BurgerSwap, a popular DeFi protocol powered by the Binance Smart Chain, has suffered a crippling flash loan attack

Two projects on Binance Smart Chain at the same time have joined the list of victims of flash loan attacks when large unsecured loans were used to manipulate the ratio of assets in pools and withdraw liquidity. Specifically, BurgerSwap has suffered a crippling flash loan attack.

Yet another major Binance Smart Chain protocol – BurgerSwap – has been drained of millions of dollars

BurgerSwap is a decentralized exchange built on top of the Binance Smart Chain (BSC) that allows users to conduct cryptocurrency swaps facilitated by its automated market maker (AMM). The AMM is supported by its liquidity pool where users can supply tokens in exchange for platform rewards.

BurgerSwap developers said:

“BurgerSwap just experienced Flash Loan attack. We have suspended Swap and BURGER generation to avoid further loss. Our tech team is working on the issue and will publish the solution later. More details will be published soon. Thanks for your patience.”

The automated market maker has been drained of $7.2 million:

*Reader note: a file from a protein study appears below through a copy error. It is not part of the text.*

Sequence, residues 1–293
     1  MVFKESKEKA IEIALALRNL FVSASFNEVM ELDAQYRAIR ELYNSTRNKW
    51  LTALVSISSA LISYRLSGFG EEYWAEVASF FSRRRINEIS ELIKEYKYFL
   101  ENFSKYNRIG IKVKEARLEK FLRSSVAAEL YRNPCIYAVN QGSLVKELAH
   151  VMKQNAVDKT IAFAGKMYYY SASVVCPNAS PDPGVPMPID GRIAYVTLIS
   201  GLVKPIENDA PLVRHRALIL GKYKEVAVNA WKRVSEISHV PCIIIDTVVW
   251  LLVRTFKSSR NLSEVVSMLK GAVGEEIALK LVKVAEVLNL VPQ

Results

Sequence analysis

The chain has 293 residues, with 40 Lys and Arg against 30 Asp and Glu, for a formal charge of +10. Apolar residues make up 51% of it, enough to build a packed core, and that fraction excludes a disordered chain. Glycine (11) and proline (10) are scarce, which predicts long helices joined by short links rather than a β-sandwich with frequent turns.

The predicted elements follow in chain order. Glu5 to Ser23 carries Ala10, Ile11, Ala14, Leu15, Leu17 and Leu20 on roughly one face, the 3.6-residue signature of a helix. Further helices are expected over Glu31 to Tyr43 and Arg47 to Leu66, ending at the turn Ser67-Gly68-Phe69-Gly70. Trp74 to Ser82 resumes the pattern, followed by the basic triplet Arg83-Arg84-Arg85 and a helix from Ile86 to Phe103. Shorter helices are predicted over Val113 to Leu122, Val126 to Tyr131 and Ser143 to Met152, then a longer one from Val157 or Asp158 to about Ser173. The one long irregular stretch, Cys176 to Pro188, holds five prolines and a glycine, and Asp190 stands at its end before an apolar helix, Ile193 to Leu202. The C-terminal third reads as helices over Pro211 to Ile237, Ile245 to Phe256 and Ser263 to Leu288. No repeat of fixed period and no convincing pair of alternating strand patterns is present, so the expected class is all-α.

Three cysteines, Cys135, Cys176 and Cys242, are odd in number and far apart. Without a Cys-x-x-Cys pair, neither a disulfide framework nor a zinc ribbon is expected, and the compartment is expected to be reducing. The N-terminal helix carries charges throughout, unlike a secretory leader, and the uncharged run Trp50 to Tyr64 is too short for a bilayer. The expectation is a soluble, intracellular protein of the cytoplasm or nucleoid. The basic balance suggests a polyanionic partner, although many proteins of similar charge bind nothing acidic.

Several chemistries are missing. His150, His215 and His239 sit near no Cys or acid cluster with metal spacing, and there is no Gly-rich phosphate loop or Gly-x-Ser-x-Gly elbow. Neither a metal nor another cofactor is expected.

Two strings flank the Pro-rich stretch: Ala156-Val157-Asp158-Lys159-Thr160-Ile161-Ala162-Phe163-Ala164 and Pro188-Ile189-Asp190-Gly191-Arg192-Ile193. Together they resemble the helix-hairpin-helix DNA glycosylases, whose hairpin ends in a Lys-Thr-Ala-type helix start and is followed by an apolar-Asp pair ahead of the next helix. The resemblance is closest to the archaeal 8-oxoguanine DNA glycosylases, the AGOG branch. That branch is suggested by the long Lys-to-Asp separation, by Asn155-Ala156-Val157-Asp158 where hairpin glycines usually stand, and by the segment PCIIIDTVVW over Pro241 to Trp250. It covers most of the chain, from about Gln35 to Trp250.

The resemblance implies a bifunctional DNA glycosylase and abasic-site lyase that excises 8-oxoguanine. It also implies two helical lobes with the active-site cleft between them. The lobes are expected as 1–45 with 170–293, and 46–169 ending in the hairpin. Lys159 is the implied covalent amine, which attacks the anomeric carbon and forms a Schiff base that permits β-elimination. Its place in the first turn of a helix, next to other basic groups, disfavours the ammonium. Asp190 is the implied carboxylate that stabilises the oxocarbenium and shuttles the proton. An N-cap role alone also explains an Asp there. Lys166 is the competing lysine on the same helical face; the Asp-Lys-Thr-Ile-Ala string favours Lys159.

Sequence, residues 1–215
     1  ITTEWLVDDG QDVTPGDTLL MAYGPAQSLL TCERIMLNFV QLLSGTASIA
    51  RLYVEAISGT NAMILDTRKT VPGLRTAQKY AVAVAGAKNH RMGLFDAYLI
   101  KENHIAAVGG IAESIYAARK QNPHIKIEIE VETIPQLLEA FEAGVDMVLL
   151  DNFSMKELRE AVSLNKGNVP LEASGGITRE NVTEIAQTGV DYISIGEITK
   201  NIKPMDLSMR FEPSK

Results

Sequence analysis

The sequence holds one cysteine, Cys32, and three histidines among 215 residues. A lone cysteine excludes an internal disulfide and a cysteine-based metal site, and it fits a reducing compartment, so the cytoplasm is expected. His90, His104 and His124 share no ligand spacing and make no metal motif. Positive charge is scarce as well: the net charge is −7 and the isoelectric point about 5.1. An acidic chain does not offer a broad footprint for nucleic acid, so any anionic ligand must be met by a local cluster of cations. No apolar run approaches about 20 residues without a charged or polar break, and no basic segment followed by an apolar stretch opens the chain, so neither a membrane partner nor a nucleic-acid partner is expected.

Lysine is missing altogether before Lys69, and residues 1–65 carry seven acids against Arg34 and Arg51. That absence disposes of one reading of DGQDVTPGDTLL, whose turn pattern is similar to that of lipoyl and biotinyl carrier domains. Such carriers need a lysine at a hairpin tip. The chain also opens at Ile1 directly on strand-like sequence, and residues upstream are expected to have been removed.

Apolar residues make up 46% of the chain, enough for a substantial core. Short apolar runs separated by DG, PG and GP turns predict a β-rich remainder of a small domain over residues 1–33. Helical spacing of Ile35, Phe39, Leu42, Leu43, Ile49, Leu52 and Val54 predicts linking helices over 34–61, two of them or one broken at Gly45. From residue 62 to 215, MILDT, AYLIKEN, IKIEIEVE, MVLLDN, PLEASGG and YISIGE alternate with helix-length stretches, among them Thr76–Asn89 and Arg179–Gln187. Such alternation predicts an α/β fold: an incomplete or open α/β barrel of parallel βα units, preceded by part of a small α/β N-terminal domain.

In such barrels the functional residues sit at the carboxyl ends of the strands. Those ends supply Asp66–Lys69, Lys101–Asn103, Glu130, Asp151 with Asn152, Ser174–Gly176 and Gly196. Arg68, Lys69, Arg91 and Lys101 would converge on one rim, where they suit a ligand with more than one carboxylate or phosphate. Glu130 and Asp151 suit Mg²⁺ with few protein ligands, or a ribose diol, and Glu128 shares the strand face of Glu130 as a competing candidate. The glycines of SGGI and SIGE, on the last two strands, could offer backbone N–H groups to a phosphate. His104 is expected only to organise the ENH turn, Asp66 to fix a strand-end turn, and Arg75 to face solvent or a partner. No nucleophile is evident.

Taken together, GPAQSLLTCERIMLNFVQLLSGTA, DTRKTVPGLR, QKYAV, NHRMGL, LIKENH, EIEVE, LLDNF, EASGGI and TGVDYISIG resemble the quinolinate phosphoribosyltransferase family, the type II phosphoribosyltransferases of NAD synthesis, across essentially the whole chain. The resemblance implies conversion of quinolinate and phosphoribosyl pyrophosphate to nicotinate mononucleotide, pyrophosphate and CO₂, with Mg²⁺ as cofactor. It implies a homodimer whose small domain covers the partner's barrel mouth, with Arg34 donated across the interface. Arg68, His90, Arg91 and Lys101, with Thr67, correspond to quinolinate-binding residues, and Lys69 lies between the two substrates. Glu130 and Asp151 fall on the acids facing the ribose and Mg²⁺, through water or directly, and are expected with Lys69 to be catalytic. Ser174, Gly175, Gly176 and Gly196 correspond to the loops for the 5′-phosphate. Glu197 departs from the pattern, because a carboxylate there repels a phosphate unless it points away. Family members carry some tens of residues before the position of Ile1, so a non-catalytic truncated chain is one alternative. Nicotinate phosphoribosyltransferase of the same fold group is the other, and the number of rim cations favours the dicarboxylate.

Over the course of 14 transactions, $7.2 million was withdrawn from BurgerSwap. More than half of this amount fell on BURGER and xBURGER tokens. WBNB, BUSD, ETH, and USDT were also stolen. In this case, the attacker took advantage of a feature that allows him to perform multiple swaps before updating the reserves, which are used to calculate the number of tokens in the operation.


BURGER/USD 4-hour chart | Source: TradingView

At press time, BurgerSwap (BURGER) price is trading around $6.93, down 10% in the last 24 hours.

The JulSwap project suffered in a similar way. Both are building DeFi platforms, with JulSwap being marketed as an enhanced Uniswap on the BSC. The JulSwap token (JULD) fell by more than 50% after the attack but has already managed to win back most of the fall. BurgerSwap (BURGER) experienced a more moderate decline.

Not long ago, the Binance Smart Chain DeFi protocol PancakeBunny exploited via a flash-loan attack, in what the community initially believed to be a record-setting $1 billion loss. The damage this time amounted to more than $300 million.

The Binance exchange, on the blockchain on which the attacked projects are based, previously announced that it could not help users in such cases by changing the transaction history. The company is often criticized for its high degree of control over the network it runs. The BSC uses the Proof-Of-Staked-Authority (PoSA) consensus mechanism and is controlled by 21 validators. Such validators are chosen by the BNB token holders, the largest of which is Binance.

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